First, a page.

The year flew by. I had two great teachers who were passionate about esthetics and their work. They had their students' success at heart. I remember that some classmates had major issues with touching other people's feet and I thought: "What on Earth are you doing in this classroom, then? Did you think you'd learn how to put on makeup and that would be it?" After all, esthetics is not always fancy, pretty and all things beautiful. The esthetician works very closely to her clients and comes across a variety of infections, skin conditions, not fresh-from-the-dryer underwear and smelly feet. But there is always surgical gloves, fragranced baby powder and a great foot soak to save the day! On the other hand, not all days are filled with horror tales either.

My pet peeve was sales. Although I could recommend and suggest products with ease, going through the actual sales process was a real pain for me. That is the class which gave me the most grief. Like anyone who's working towards a goal, I was anxious to get there and actually start working in a salon however; the year didn't seem long. The closer I was to the end of the program, the more I knew I was on the right path. I studied and graduated with very satisfying grades.

I worked for a year and a half as an esthetician in a salon while I also completed my certification in electrolysis. I truly liked the contact with clients. I developped a friendship with some of them and it was very flattering to know that some would specifically ask for me when making their appointment. I had kept in touch with one of my teachers and one night in March 2000, she called me up. She had heard of a Canadian cosmetic manufacturer who was looking for a training manager. She thought of me for the position.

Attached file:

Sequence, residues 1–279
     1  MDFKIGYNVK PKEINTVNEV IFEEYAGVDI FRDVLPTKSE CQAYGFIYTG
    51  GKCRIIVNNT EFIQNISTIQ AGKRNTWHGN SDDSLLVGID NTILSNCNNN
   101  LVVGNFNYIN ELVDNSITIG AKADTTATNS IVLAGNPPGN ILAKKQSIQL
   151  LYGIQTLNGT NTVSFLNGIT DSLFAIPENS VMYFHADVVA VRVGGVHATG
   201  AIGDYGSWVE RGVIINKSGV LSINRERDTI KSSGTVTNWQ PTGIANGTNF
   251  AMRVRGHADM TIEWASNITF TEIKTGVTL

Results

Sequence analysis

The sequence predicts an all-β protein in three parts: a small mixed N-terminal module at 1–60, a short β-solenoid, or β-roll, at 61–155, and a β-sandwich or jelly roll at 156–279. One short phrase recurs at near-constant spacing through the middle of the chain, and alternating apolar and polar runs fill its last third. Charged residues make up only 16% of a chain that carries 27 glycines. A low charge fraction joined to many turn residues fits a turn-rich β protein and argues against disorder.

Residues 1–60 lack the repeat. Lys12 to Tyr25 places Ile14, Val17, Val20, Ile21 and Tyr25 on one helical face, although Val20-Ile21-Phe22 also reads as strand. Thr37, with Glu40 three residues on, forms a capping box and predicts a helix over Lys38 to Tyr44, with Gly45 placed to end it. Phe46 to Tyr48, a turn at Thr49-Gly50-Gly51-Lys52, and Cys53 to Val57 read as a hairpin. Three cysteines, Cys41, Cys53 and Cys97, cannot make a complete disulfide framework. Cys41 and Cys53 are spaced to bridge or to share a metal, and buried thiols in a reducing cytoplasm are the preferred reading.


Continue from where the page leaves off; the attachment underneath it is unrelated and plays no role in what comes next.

I celebrated my 10th year anniversary at Groupe Marcelle this spring. So I don't give many pedicures any more and I haven't had a facial in so long I can't even put a date on it. But I still get my waxing done and always have pedicured toes. I'm still fascinated with creams, lotions and colourful makeup. Lipsticks and emulsions are my daily companions. I no longer work as an esthetician, but my diploma is put to good use every day in a work environment that is very close to what I studied for.

I love my work and I'm always proud to say that I'm a certified esthetician. A big thank you to Micheline and Johanne for believing in me and giving this profession its nobility.

Isabel P. Picard